Anti-Bacterial Library / Anti-Viral Library

Anti-Bacterial Library and Anti-Viral Library in One Set

Medicinal and Computational Chemistry Dept., ChemDiv, Inc., 6605 Nancy Ridge Drive, San Diego, CA 92121 USA, Service: +1 877 ChemDiv, Tel: +1 858-794-4860, Fax: +1 858-794-4931, Email: [email protected]


Molecules in this set are based on the literature analysis of both targets and their respective ligands, specifically 5,800 known molecules with reported anti-bacterial and anti-viral activities. In order to assemble the set, we used a) Kohonen self-organizing map, b) pharmacophore analysis, c) bioisosteric replacement and d) internal peptidomimetics in order to select initial library of ca. 50,000 drug-like molecule. These were further prioritized based on relevance to the target/ligand of interest, IP potential, Lipinski-rule-of-five parameters and synthetic feasibility to yield final set of 10,000 molecules. Approximately 10% of these compounds were proven to possess relevant biological activity in our internal screening and via collaborative efforts.

Example: Application of Kohonen self-organizing maps to selection of compounds with potential anti-bacterial activity.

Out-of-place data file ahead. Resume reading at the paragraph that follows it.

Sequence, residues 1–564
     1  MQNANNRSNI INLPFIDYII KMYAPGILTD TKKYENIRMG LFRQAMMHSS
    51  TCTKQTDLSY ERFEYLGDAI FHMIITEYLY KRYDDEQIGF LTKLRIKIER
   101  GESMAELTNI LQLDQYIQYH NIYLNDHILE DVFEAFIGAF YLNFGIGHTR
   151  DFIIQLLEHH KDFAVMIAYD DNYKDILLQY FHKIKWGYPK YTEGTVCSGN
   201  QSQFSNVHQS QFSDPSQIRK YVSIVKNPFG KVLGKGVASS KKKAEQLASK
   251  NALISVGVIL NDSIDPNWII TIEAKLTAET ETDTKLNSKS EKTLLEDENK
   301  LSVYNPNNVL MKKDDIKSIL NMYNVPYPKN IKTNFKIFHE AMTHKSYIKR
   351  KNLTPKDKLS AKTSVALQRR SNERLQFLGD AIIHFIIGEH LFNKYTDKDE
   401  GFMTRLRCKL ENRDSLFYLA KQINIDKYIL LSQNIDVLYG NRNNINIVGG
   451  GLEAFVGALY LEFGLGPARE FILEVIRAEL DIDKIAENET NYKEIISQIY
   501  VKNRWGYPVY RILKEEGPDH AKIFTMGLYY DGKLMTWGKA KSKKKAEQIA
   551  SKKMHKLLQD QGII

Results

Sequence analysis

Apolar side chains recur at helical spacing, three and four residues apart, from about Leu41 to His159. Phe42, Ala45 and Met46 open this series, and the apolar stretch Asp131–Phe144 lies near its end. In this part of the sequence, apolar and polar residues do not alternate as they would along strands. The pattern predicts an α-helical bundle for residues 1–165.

Structures in the training set: 5806 antibacterial agents from the Prous Integrity database
Structures in the test set: 10100 compounds from the focused library
Approach: analysis of multidimensional property space of antibacterial compounds and focused library using Kohonen self-organizing maps (for description of the method, see [K. V. Balakin, Y. A. Ivanenkov, N. P. Savchuk, A. A. Ivashchenko, S. Ekins. Comprehensive Computational Assessment of ADME Properties Using Mapping Techniques // Curr. Drug Disc. Techn. 2005. V. 2. 99-113.])
Computational tool: SmartMining program, ver. 1.01
Description of Experiment:

  1. A total of 90 molecular descriptors were calculated for both training and test sets.
  2. 15 descriptors (table 1) were selected using Principal Component Analysis (PCA) and used for generation of Kohonen map.
  3. A Kohonen map of the training dataset (5806 antibacterial agents) was generated using 15 descriptors (Fig. 1); this map can be used for assessment of “antibacterial-likeness” of chemical compounds.
  4. 4. Compounds from the focused library (test set of 10113 compounds) were placed on the same map (Fig. 2).

Compounds from the focused library (green area, Fig. 2) are located in regions of the map which contain antibacterial agents (blue area, Fig. 1). Therefore, the molecular properties of compounds from the focused library are similar to properties of the antibacterial agents.

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